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    Weight implications on pregnancy outcomes
    (2016) Carter, Lindsay Elizabeth
    The incidence of rising weight in reproducing women has potential for adverse maternal and fetal outcomes, both short and long term. The purpose of the project was to identify the extent of potential implications resulting from maintaining a body mass index larger than 25 throughout a pregnancy. Select authors have conducted quantitative, retrospective cohort studies by requesting participants to complete a questionnaire during pregnancy providing information on variables of social determinants of health with a control study of woman with a BMI under 25 and excluding mothers without a recorded BMI in antenatal records and mothers with pre-existing diabetes. Research resulted in overarching implications for both maternal and fetal well-being with added potential burden on the health care system. Neonate’s born under influence of a maternal BMI larger than 25 risk complications including preterm birth, congenital anomalies, fetal macrosomia, and death. Mothers are at increased risk for preeclampsia, gestational diabetes, postpartum hemorrhage, caesarian section and require more healthcare services. Continued longitudinal studies may provide greater insight into the life course trajectories of children born under such circumstances, and offer interventions appropriate to aid consequences of weight implications on pregnancy outcomes. Furthermore, additional studies on appropriate and safe interventions throughout the pregnancy may minimize potential risks on maternal and fetal well-being. This discussion is designed to explain the gravity of weight juxtaposed with pregnancy, and provide strategies aimed at optimizing health outcomes.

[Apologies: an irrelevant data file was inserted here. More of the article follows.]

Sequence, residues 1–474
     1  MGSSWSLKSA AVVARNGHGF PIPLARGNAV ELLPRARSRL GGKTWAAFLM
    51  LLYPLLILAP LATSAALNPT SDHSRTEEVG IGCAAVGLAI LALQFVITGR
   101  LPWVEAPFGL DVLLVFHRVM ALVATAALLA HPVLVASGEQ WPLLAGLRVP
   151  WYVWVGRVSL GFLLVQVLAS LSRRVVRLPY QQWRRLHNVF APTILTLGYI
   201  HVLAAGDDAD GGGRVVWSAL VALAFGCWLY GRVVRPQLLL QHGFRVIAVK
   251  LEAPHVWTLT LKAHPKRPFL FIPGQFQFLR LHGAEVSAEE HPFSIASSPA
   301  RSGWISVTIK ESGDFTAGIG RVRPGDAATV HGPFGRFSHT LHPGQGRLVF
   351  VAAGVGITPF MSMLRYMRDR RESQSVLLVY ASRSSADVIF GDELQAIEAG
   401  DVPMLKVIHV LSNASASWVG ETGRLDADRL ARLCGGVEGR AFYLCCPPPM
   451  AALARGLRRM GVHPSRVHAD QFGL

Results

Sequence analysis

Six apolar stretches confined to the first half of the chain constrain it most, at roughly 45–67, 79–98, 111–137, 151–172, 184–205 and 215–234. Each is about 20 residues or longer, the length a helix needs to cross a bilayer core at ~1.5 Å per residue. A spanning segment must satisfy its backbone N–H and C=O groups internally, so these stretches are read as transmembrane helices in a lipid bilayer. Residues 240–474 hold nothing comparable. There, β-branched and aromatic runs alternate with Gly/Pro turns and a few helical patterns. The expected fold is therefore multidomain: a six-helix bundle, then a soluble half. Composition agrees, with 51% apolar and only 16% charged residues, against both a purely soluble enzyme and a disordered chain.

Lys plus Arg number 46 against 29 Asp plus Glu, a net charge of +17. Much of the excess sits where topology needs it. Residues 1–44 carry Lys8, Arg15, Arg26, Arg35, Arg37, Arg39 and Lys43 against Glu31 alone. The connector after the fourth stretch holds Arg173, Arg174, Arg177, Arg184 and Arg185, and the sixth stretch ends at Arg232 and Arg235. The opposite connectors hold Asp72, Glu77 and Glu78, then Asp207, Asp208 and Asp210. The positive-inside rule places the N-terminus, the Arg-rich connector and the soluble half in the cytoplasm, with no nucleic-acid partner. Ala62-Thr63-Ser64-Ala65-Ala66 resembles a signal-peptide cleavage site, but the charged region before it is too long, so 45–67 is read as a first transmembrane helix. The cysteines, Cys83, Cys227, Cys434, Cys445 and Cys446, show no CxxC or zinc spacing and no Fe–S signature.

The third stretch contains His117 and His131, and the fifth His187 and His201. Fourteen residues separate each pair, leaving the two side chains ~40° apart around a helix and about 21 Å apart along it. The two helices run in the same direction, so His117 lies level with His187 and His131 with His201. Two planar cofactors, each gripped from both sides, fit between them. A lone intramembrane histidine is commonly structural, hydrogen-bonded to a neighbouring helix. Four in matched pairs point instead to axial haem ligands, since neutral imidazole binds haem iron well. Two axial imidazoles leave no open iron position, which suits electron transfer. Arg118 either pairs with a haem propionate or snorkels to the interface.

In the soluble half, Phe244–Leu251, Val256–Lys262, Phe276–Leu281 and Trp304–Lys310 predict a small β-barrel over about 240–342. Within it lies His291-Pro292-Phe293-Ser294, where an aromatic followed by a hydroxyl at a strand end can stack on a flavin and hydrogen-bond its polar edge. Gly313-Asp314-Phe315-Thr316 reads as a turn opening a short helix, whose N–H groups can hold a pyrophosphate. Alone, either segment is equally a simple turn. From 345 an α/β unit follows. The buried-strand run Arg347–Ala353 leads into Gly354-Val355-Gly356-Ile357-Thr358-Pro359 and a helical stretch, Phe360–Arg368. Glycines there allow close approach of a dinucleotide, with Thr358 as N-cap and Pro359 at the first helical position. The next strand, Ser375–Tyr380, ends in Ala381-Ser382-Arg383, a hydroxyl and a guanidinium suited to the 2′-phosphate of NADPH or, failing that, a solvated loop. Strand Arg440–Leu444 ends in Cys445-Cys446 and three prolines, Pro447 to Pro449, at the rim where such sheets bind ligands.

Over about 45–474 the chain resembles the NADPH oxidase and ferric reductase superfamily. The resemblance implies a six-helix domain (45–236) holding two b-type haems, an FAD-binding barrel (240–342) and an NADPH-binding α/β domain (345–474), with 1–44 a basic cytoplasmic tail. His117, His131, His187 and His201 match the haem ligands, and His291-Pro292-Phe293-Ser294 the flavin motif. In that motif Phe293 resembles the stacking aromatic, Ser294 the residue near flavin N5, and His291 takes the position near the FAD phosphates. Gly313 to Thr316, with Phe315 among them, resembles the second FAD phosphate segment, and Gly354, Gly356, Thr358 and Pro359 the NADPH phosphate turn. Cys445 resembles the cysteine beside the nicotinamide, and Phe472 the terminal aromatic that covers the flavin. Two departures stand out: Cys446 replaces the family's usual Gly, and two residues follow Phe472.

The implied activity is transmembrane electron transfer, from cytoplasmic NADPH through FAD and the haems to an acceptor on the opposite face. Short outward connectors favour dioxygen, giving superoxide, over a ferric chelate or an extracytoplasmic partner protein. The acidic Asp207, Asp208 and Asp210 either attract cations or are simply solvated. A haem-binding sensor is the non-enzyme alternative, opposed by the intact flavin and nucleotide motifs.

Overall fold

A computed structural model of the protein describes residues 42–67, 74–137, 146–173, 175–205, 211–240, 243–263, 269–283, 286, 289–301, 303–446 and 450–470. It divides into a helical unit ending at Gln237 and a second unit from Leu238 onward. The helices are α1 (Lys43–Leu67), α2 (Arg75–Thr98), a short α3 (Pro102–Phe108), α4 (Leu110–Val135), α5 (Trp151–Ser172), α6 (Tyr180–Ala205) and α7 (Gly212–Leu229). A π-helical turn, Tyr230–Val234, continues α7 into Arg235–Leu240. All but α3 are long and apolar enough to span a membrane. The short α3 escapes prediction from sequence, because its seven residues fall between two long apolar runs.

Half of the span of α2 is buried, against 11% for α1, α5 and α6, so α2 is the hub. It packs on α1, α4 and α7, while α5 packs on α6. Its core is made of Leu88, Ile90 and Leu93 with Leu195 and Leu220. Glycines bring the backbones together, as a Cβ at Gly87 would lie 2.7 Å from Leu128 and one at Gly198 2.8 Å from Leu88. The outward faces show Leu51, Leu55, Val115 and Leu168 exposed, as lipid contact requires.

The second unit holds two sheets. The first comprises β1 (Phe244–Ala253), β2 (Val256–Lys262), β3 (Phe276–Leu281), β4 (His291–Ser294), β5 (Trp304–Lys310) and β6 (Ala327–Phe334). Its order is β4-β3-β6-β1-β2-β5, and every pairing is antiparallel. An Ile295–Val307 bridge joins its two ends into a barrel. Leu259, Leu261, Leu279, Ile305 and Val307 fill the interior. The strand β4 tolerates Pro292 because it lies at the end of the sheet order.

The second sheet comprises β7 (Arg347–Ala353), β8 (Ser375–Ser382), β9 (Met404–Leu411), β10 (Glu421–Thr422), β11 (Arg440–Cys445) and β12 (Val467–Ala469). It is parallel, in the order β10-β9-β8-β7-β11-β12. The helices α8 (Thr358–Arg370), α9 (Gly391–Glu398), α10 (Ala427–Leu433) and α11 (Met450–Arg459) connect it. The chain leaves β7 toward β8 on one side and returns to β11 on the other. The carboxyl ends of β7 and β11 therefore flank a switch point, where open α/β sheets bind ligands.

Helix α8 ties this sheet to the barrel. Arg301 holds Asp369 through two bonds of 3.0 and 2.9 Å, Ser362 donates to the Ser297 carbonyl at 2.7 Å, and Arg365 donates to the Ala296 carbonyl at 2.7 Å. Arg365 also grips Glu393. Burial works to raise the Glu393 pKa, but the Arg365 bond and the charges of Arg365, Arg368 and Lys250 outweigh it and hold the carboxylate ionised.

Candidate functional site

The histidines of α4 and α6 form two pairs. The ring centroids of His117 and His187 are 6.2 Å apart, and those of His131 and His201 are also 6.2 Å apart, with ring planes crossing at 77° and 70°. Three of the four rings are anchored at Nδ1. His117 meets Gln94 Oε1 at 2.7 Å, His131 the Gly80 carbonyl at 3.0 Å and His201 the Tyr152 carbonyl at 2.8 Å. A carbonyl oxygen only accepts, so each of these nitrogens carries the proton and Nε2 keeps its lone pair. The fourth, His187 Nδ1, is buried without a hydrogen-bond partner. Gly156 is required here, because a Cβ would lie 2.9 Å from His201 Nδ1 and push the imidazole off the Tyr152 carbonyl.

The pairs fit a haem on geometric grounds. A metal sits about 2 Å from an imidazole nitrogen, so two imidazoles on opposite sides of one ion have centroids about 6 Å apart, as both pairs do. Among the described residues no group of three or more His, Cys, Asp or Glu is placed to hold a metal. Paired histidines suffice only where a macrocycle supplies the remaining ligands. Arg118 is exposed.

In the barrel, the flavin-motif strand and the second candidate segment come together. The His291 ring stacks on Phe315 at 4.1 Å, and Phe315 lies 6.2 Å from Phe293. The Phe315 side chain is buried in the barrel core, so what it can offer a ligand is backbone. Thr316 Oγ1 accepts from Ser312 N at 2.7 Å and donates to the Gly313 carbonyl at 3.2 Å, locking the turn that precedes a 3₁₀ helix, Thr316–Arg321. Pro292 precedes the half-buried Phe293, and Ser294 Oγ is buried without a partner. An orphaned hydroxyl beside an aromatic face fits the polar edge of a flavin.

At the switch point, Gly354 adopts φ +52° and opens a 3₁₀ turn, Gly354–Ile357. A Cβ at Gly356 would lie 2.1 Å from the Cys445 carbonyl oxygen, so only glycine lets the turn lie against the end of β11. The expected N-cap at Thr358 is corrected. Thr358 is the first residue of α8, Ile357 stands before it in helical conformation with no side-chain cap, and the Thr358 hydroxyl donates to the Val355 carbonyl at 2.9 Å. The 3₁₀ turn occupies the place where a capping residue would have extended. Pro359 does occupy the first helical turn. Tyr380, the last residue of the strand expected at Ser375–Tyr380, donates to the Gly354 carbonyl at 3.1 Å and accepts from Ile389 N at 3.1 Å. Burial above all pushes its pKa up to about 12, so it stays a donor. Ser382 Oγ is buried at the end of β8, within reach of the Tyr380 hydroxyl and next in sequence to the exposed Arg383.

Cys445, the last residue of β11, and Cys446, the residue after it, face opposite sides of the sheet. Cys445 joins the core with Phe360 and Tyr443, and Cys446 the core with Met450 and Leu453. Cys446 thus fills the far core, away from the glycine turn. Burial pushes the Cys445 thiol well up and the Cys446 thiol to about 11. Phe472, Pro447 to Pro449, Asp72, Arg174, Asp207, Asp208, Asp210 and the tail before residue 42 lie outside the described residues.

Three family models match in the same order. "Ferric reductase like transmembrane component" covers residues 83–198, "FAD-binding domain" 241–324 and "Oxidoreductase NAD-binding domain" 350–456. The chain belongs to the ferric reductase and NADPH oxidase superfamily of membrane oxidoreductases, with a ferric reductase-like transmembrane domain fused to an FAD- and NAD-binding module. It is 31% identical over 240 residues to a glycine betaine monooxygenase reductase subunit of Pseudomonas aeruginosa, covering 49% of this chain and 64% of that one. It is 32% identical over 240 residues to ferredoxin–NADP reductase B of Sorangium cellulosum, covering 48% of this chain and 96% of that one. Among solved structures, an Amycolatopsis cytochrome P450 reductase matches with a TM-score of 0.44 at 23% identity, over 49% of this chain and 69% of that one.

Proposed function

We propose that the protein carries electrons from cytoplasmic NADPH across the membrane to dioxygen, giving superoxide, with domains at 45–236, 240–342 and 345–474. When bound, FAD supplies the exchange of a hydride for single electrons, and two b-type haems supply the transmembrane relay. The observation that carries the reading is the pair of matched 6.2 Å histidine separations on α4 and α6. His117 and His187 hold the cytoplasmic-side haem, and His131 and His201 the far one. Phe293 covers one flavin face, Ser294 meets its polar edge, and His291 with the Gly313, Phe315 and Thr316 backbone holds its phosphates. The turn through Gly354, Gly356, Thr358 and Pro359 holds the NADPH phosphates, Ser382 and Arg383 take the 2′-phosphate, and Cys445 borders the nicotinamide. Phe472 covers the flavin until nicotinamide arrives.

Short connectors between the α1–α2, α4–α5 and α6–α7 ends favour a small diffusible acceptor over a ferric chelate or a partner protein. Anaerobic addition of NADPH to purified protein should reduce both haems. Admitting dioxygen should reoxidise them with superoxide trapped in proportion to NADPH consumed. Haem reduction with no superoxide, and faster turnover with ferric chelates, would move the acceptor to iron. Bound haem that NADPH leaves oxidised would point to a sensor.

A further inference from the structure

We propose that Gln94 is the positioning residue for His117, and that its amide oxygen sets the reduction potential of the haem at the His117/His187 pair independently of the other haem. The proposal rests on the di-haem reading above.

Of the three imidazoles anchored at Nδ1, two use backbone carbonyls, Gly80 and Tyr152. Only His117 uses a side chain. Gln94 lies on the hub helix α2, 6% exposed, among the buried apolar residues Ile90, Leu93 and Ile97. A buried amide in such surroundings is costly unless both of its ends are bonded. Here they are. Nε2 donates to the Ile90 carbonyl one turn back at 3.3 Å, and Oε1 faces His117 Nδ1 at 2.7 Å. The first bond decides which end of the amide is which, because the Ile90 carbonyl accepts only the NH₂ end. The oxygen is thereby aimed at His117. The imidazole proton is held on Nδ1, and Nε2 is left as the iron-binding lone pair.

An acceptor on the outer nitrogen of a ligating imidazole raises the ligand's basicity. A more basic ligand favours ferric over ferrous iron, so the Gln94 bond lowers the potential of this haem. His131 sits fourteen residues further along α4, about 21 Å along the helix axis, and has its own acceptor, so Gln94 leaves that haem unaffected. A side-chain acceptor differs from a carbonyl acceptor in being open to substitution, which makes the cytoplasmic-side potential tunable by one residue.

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    Effects of cigarette smoking in adults
    (2016) Chan, Lana Lan